"Before my meltdown, crackup, whatever," she said, "I tried every faith--Christianity, Judaism, Islam, Taoism, even been a pagan. Ditched 'em all. There's a certain economy in old-fashioned atheism. Now all the god-botherers are after me; ecumenical assassins everywhere. I live undercover, an intrepid apostate."
-- Elizabeth Creith
Jim "Nooner" Noonan sees within the micro the challenge of the "tiny canvas and in the case of the FF prompt, the puzzle aspect of rearranging the random prompt words until a story appear--like magic!" He's also discovered "writing exactly to the limit adds to the puzzle-challenge aspect of it."
"Impatience" draws Dawn Allison to the form, that and the challenge of "full story, few words." For her, the micro fiction piece lies somewhere between the fewer words of flash and the "more sense" of the prose poem.
How the Mogul Fell
It wasn't the economy. Not Taoism, though in stylish New York circles, that's what they whispered. Easier to believe that he suffered a crackup, that some religious sentiment drew him in, ended his intrepid mission for more. Not for any god did he forsake his wealth, but for old-fashioned love, for an impoverished girl.
-- Dawn Allison
That challenge to "create something worthwhile and complete with a minimum of words" also attracts writer Teri Davis Rouvelas. Certainly, each writer brings his or her own sense of purpose to the task also, as in Teri's desire to "see if [she] can draw something from inside [herself] from a list of words."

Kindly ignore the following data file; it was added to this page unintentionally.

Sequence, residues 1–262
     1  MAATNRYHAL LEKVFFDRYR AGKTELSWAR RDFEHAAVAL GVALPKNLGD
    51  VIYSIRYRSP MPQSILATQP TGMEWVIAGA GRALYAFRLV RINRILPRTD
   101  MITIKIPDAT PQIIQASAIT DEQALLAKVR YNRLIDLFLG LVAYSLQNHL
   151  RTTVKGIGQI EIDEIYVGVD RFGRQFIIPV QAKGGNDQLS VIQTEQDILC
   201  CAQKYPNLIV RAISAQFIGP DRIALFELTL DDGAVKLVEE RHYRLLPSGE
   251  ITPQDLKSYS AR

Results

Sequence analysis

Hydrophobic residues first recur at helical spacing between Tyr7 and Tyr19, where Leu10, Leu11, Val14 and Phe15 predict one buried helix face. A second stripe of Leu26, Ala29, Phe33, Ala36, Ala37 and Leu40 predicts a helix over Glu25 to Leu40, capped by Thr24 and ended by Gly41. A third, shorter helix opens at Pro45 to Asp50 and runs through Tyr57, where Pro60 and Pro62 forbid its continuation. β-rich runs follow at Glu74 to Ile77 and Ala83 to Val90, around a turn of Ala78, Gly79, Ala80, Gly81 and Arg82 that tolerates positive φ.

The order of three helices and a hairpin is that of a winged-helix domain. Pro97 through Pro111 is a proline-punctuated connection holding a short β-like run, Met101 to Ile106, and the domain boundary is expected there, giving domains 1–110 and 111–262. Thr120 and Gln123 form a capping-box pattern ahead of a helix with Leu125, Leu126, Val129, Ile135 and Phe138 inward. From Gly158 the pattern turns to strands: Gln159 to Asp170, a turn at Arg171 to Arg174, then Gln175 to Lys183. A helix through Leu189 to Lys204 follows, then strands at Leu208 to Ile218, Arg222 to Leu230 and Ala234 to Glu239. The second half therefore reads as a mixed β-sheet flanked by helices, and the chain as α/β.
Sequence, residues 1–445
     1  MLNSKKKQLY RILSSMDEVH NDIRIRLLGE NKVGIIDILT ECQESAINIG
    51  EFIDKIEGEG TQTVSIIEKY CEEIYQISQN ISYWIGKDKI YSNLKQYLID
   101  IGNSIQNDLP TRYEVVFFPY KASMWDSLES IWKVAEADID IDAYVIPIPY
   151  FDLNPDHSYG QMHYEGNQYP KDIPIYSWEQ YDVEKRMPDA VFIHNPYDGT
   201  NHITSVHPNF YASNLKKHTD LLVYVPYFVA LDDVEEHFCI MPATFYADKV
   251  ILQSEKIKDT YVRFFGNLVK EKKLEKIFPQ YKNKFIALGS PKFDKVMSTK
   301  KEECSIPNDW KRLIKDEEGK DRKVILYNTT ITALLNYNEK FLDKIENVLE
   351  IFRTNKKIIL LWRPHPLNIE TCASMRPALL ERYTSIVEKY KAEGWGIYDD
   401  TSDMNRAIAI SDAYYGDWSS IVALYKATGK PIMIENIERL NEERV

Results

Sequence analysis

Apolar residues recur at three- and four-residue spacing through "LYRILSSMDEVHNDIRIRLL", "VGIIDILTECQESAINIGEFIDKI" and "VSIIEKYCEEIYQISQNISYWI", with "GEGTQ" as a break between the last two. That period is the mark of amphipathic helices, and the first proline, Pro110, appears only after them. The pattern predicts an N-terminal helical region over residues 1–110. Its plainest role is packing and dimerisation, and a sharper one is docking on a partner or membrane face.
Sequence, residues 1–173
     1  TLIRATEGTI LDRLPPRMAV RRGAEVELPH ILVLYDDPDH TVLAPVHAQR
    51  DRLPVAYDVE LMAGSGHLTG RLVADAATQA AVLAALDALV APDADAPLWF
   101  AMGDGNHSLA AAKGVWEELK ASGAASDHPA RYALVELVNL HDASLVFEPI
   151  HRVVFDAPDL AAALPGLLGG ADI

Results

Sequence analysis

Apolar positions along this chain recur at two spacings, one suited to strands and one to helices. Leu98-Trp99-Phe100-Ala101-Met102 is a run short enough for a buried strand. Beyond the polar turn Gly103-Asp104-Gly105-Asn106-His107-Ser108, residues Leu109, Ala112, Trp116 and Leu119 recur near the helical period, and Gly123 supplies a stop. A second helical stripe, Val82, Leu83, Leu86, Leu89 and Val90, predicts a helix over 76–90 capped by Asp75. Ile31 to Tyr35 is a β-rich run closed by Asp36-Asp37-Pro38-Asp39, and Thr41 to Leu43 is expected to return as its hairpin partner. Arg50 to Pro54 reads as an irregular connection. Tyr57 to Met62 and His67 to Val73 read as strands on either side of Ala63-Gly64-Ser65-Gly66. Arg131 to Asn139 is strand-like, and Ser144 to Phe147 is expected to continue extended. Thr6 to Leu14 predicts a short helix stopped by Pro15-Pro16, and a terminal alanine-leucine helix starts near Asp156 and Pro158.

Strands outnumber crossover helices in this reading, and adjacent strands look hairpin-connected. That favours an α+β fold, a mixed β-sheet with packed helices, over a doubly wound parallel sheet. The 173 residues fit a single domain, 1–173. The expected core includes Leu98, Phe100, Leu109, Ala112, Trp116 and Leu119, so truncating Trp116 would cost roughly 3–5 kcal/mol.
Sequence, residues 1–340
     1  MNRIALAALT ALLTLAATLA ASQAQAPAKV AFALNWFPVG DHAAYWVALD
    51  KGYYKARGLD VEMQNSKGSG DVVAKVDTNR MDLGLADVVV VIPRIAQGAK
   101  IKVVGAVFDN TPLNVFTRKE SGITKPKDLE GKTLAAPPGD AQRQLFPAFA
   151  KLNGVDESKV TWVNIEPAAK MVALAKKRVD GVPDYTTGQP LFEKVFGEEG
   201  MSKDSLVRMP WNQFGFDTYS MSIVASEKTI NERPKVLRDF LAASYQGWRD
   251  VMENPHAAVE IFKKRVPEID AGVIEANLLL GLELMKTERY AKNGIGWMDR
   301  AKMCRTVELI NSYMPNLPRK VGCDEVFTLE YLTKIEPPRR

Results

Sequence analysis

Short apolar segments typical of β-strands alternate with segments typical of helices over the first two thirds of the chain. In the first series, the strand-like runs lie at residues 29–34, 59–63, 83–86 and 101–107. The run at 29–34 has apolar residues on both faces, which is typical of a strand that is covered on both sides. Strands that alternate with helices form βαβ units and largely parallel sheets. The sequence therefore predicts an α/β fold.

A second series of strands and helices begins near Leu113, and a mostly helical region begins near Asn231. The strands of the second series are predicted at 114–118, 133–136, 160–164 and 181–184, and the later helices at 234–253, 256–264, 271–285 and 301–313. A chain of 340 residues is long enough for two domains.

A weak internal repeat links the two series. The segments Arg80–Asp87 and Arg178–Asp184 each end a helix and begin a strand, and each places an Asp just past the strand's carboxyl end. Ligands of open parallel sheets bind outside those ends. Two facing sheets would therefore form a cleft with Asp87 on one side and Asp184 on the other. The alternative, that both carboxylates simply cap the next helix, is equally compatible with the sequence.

"We need an economy based on Taoism," Brad says. His gleaming Intrepid surrounds us like a python.
"You need an old-fashioned blind date," Maggie had said.
But I'm still dissecting the lyrics to "Stairway to Heaven" in a '76 LTD when my husband's final crackup was a million light tears away.
-- Teri Davis Rouvelas
Lately, more often than not, Richard Osgood provides the Sunday prompt. Richard recently traced the history of this Flash Factory activity.
"It all started with an eight-word prompt from Frank selected at random (that part remained consistent throughout) but at that time, it was not to create a fifty word micro but anything one could come up with. The date was December 20, 2006. At that time it was called 'Word Game' and it continued (on and off) until May 2008. As it matured it went from eight words to seven words to six words until, on May 29,, the first challenge to create a fifty-word micro appeared in a thread titled 'Random Richie's Five Word Fiesta.'"